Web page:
I am beaten, broken, scared. I have wounds that may never heal. I am terrified of tomorrow and yet, rejoice in today. I am a mother, an adoptive mother, a foster mother. I am real, though appear fake. The war I fight is not seen by many and my battle wounds are mostly invisible. I fight for my children, literally fight for their lives, on a daily basis. I am tired.
I am writing from one of the darkest places I have yet had to visit inside myself. If I did not have the light of Jesus, I would not believe that there was life left inside of me. Daily, I feel like I am forced to breathe under water and expected to do it with grace for those pushing me under and with a joy filled attitude.
I parent children that come from trauma, abuse, brokenness. It is my job to help restore their belief in themselves. Show them they are worthy of love, peace, joy. Lead them to Jesus. Through the punches thrown at me, broken walls, broken hearts I must lead on. There is little rest when you are fighting for a child, a child so loved by Jesus that He has already died so that they can be forgiven. I refuse to give up on or give in to these children. They are some of the strongest people I have ever met both physically and mentally.
I am fighting a system that is also throwing punches at me. When a child does not show behavior fast enough in a new environment, the behavior at home must be my fault. I fight for my reputation as the children make false accusations. I must make sure I am always walking a straight line so that there is never a reason to doubt what I say vs what they say. I spend hours daily- yes daily- on the phone fighting insurance companies, therapy centers, hospitals, case managers attempting to get help for my broken children. Each time a new service is started, we have to show them that we are following all suggestions and yet nothing is changing. This fight is for eternity but I fail daily.
I praise Jesus for my village. Without my support system this path would not be bearable, would not be possible. They are the safety that my family can literally fall into. When an emergency arises I can count on any of them to drop what they are doing to rush to our side. When one child becomes too violent to be maintained in the home I know that with one call my children will be cared for, the house cleaned and the food covered for as long as it takes. My husband’s employer is part of this village with giving him the flexibility to pause everything and be here in eight minutes flat if my strength for the day has failed. A village is so very important I would caution anyone from fostering or adopting until you have functioned as someone else’s village and helped them fight this battle. I would also strongly suggest that if you do not have a village or support system ready, you work hard at building one. I traveled this path alone for almost six years and my body literally burned out. Jesus spoke loudly and clearly through a pulmonary embolism that almost took my life that I needed to actively search out this village and not wait for them to find me.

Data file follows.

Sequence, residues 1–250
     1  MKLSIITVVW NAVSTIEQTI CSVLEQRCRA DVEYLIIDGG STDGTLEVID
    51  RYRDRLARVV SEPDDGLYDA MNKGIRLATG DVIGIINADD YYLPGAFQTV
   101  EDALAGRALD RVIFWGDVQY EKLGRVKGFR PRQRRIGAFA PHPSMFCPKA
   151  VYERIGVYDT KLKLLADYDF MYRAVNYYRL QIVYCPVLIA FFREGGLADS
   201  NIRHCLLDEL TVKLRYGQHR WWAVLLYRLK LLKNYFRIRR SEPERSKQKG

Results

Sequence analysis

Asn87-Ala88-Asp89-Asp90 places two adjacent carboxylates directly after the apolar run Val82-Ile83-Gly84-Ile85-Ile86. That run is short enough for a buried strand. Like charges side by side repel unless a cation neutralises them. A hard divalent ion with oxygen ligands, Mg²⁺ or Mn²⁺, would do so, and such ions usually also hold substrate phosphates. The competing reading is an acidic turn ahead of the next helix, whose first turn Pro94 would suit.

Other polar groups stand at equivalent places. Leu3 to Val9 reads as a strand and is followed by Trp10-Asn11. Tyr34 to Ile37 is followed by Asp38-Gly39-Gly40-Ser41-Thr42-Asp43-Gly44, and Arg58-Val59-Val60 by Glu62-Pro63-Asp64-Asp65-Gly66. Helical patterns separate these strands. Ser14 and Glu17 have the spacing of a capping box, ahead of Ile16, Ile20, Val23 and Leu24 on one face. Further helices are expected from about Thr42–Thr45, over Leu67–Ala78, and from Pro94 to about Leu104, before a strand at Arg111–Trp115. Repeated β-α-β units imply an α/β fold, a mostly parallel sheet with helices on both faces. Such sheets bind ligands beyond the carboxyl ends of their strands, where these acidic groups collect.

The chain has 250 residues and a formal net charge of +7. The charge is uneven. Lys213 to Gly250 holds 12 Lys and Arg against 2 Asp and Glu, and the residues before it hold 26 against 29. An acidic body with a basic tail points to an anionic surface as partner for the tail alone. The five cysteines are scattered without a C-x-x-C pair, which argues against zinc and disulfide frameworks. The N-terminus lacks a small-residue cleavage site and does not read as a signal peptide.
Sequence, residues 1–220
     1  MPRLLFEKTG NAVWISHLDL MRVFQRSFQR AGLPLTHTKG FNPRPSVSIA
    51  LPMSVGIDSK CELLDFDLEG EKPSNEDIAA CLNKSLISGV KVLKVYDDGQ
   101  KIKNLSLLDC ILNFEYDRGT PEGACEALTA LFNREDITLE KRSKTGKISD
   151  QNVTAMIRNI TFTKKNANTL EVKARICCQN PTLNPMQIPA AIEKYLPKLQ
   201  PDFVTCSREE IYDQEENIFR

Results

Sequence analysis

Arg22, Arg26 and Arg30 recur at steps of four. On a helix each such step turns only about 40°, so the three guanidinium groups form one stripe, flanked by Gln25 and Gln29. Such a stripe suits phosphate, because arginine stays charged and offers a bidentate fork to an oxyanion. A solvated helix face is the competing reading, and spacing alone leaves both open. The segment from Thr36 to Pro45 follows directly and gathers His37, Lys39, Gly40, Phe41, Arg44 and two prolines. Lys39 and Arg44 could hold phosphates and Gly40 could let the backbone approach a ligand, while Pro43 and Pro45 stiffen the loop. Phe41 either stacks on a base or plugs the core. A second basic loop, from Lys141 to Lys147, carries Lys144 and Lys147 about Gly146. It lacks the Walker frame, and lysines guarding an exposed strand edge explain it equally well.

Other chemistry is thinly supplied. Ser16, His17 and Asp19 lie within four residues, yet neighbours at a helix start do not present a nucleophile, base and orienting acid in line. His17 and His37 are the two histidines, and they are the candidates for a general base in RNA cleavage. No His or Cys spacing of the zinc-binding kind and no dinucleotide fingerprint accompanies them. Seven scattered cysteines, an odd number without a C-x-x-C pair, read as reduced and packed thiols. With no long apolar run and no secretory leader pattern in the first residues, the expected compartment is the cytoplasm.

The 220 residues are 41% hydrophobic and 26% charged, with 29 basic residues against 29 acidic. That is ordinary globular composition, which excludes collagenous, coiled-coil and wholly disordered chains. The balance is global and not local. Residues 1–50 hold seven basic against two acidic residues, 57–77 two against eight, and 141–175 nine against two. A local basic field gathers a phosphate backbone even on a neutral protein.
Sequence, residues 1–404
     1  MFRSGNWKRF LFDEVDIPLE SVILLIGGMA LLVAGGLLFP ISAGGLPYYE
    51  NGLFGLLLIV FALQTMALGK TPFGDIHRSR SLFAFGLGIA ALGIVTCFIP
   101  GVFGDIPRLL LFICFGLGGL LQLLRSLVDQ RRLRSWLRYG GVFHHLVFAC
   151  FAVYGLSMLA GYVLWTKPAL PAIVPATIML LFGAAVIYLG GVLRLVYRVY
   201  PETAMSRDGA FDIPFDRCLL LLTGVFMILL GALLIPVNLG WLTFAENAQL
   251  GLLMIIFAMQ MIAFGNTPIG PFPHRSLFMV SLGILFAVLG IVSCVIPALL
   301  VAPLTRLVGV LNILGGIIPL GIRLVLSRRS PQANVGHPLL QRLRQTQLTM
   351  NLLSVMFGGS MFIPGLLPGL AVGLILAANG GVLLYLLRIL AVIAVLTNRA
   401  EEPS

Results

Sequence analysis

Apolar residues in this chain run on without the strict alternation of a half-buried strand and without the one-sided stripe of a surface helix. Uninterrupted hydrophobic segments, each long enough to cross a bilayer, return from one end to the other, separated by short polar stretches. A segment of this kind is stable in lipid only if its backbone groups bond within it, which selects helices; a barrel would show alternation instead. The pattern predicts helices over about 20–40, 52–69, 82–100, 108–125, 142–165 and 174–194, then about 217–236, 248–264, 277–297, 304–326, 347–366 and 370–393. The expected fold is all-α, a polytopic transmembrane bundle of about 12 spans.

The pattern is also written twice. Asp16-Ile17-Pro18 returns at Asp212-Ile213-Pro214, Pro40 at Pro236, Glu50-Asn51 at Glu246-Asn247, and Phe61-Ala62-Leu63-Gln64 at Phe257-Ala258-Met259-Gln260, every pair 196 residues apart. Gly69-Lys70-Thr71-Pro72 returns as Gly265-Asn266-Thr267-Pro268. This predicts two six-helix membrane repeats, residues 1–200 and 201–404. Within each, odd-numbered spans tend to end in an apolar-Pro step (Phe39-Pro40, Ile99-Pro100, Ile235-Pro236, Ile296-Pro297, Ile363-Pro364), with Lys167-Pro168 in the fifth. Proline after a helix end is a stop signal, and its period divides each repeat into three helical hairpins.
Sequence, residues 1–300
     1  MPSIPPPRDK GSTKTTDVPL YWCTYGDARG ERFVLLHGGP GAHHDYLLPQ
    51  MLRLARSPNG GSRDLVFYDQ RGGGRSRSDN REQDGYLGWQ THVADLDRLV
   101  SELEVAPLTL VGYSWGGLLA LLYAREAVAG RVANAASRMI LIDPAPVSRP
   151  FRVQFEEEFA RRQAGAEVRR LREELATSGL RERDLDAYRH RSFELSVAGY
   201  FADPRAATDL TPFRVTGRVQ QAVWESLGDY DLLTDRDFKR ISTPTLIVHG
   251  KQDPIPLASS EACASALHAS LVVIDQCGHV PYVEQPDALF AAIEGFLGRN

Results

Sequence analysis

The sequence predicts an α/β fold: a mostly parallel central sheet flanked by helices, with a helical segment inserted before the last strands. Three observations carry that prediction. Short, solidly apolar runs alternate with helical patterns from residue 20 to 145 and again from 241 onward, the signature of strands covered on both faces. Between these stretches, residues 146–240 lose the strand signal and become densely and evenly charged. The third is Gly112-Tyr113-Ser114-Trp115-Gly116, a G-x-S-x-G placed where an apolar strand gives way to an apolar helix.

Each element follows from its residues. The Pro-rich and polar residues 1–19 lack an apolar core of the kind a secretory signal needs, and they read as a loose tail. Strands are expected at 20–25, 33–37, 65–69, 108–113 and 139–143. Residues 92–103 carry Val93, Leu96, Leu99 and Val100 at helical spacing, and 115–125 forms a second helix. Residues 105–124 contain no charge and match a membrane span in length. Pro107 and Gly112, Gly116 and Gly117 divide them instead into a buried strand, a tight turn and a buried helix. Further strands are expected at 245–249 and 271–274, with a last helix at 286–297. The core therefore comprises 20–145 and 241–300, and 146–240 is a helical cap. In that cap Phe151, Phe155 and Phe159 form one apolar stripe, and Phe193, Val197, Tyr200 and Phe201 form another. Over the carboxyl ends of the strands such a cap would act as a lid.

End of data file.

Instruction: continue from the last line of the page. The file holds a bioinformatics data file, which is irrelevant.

I am full of hope. I am full of peace that can only be found in Jesus. I am able to see the joy through the pain. My family is beauty made from ashes in every sense of the meaning. We were all completely broken and, through Jesus, we are made whole. We have seen children healed and hearts made new. I am in awe each and every time I hear one of my children pray. My children as a whole are some of the most secure people in their faith that I have ever met. Their complete and total belief in the power of prayer blows me away. They are not in awe of answered prayers because they fully expected an answer and are willing to accept a “no.”
We were cautioned not to “corrupt” our “own” children with “those” children. Though I would be lying if I said there was not damage caused to any of our children who do not struggle like others; I have to say that the positive affects so far outweigh the negative. I have extremely compassionate children who are willing to put the needs of others ahead of their own. They will stop and pray for a sibling when they are struggling and are able to look past all the pain that is inflicted and see the hurt behind it. My children are some of the most giving, loving, caring children I have ever met. I am privileged to be able to watch then grow in ways that would not be possible in a “typical” family.
My name is Danielle and I can smile. I am 29 years old, am the proud mother to nine children, and soon-to-be proud Mimi to my first grandchild. I am saved, I am loved, I am valuable, I am tough. I am able to do all things through Christ (Philippians 4:13). This journey to family has looked so much more beautiful than anything I ever pictured. There is so much pain, hurt, struggle- though without it the joy, love, redemption would not be as bright. When a doctor tells you a child will “never walk, talk, or function” and you watch that child dance all day, singing at the top of their lungs, how do you not rejoice? When you have a child on a feeding tube and the doctor says, “just enjoy her while you can,” but three years later, they are tube free and growing how do I not stare in awe? When a child is labeled “the worst case of RAD we have ever seen in a three year old,” but six years later they now have “anxiety” and no therapy is needed, how do I not feel empowered? I am God’s child, asked to do mighty things for His kingdom; I am able, I am willing, I am ready for what God has next.
To read more from Danielle head over to her blog, Fasnacht Gang.